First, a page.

Pneumonia patients at increased risk of acute cardiac events

June 29, 2007

Houston, TX - A new study has found that almost 20% of patients hospitalized with bacterial pneumonia also had one or more major cardiac events at the time of admission[1]. This frequent coexistence of conditions is often missed by doctors, however, say Dr Daniel M Musher (Veterans Affairs Medical Center, Houston, TX) and colleagues in their paper published in the July 15, 2007 issue of Clinical Infectious Diseases.

"Physicians tend to look for a single, unifying diagnosis," Musher told heart wire . "If a patient is admitted with chest pain, they are thinking of heart attack and are not paying attention to the white-cell count or the chest X ray. . . . But a surprising amount of patients with acute cardiac events may have pneumonia, too," he says, adding that he believes cardiologists and generalists in particular have tunnel vision when it comes to this issue.

Musher says he believes this paper is one of the most important he has written and says it was initially rejected by the American Journal of Medicine, which "didn't even consider it." But this topic needs airing, he believes, for patients to receive better care.

Those with pneumonia and cardiac events had higher mortality

Musher and colleagues studied 170 patients admitted to the Michael E DeBakey Veterans Affairs Medical Center in Houston with pneumococcal pneumonia during a five-year period from 2001 to the end of 2005.

They found that 33 (19.4%) had one or more associated major cardiac events. Because some patients with MI also had arrhythmias and CHF and some who had arrhythmias experienced worsening congestive heart failure, there were a total of 46 major cardiac events observed in these 33 patients

Adding a note of caution, however, the authors acknowledge that the population—made up of veterans—was relatively elderly, with a high prevalence of tobacco abuse, and as such, they may have had a higher likelihood of underlying CAD.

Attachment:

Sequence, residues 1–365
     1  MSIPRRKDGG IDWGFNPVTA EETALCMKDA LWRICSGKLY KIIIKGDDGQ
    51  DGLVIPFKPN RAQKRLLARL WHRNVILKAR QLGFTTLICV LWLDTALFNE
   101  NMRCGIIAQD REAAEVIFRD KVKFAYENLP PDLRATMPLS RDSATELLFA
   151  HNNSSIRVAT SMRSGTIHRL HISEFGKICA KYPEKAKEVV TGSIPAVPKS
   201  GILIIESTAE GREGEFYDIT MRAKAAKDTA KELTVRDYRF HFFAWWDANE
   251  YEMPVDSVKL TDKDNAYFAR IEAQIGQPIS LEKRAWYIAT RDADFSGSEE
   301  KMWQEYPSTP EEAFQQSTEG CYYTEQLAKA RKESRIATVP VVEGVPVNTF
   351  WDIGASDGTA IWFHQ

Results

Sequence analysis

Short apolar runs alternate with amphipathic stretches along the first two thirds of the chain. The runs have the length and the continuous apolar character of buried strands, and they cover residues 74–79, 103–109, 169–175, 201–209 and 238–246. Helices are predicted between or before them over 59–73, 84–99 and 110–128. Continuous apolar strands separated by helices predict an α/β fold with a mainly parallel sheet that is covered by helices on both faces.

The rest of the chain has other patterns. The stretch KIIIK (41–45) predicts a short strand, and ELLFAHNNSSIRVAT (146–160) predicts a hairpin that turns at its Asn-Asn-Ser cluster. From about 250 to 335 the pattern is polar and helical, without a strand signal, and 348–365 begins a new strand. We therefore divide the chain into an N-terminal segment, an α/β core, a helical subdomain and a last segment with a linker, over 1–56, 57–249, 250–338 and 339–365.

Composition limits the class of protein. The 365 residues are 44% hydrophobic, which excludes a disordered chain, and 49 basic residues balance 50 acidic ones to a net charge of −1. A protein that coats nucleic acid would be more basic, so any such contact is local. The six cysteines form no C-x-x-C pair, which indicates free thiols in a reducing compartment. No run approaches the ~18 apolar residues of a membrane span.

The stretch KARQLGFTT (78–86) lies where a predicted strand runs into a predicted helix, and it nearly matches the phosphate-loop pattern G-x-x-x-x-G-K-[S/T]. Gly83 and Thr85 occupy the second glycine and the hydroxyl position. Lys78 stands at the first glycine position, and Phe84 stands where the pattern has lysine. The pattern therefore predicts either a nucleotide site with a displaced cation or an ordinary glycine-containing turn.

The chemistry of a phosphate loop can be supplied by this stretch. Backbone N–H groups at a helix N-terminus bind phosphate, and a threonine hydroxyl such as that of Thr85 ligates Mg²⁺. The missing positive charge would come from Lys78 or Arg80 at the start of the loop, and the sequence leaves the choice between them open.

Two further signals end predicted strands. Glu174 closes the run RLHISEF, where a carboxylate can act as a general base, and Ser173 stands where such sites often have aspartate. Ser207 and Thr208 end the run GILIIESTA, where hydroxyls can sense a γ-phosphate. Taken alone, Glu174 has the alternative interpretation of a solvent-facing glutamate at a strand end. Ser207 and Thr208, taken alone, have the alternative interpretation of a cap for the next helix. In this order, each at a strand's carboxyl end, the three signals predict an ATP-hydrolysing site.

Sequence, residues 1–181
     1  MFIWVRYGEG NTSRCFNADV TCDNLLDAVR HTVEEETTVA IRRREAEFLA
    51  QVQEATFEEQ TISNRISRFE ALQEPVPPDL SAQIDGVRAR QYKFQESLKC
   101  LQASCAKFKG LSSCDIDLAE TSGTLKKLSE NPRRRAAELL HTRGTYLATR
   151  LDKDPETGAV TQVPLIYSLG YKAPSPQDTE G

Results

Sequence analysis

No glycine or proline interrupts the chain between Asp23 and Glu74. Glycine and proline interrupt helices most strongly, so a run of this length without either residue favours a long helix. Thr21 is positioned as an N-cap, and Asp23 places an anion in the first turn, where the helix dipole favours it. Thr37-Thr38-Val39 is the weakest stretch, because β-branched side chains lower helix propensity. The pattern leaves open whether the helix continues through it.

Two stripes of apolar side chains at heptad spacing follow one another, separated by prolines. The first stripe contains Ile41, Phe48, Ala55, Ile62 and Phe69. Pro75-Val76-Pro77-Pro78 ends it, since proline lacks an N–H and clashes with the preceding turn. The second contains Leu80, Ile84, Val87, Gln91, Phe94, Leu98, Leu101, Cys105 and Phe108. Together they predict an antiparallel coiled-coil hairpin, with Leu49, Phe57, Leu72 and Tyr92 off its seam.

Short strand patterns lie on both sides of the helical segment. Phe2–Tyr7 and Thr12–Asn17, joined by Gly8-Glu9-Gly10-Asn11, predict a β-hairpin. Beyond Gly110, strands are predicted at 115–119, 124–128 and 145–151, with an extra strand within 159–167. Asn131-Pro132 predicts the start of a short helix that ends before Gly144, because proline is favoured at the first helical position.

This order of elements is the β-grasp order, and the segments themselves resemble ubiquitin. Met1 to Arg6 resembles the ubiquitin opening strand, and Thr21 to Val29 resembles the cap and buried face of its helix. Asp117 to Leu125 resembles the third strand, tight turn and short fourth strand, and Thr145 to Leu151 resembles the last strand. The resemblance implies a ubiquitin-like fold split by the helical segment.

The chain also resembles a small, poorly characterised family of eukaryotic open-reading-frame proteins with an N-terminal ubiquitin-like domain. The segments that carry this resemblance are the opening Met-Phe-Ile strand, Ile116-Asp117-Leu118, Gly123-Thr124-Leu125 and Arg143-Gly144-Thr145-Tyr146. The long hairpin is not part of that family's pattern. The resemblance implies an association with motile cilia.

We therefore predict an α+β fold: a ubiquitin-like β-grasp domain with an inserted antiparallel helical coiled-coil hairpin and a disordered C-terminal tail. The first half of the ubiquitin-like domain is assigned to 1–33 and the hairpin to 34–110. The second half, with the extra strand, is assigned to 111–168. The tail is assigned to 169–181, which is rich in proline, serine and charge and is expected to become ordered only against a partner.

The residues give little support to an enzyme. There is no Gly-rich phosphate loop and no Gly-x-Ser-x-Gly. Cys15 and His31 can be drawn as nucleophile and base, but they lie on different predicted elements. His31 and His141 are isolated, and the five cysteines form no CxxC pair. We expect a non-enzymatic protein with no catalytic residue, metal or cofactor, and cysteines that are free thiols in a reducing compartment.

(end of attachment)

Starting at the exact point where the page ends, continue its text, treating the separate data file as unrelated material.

Nonetheless, they found that the concurrence of a cardiac event with pneumonia strongly correlated with in-hospital death—those with pneumonia and cardiac events had a significantly higher mortality than those with pneumonia alone (p<0.008).

Major cardiac events in 170 consecutive patients admitted for pneumococcal pneumonia

Event Patients, n
MI 12
New arrhythmia 2
New or worsening CHF 5
New arrhythmia 8
New or worsening CHF 6
New or worsening CHF 13
Total patients with cardiac event 33

"The concurrence of pneumonia and a new cardiac event was often unrecognized, especially in the first 12 to 24 hours of hospitalization, resulting in some patients not receiving antibiotics for pneumonia and others not receiving cardiac monitoring or anticoagulant therapy," Musher and colleagues observe.

They add that although an association between cardiac events and pneumonia was noted in the first half of the 20th century, "the recent medical literature has generally not addressed the concurrence of pneumonia and new cardiac events."

One exception to this, however, was a recent study[2] that specifically sought noncardiac conditions in patients who had acute MI, which found that 7.2% of the patients had pneumonia, they note, adding that those authors also emphasized the tendency of admitting physicians to confine their assessment to a single diagnosis.

Several mechanisms may explain link

Several mechanisms may explain the association between pneumonia and acute cardiac events, the researchers note.

Infection is analogous to extreme physical stress, which has been associated with a two- to 10-fold increased risk for acute MI in epidemiologic studies, they explain. Infection also increases levels of C-reactive protein (CRP), fibrinogen, and inflammatory cytokines, which may increase the risk for thrombogenesis and which independently predicts an increased likelihood for acute coronary syndromes.

The pathogenesis of arrhythmia and CHF in pneumonia is also multifactorial, they state, and includes increased myocardial demand for oxygen, lowered blood-oxygen levels, and suppression of ventricular function by elevated levels of cytokines.


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